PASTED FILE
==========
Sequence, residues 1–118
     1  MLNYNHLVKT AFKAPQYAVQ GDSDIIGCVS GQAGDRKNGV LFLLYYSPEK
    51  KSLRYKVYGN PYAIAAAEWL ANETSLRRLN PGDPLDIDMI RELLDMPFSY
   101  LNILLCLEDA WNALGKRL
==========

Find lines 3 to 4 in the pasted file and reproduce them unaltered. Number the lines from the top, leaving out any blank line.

    51  KSLRYKVYGN PYAIAAAEWL ANETSLRRLN PGDPLDIDMI RELLDMPFSY
   101  LNILLCLEDA WNALGKRL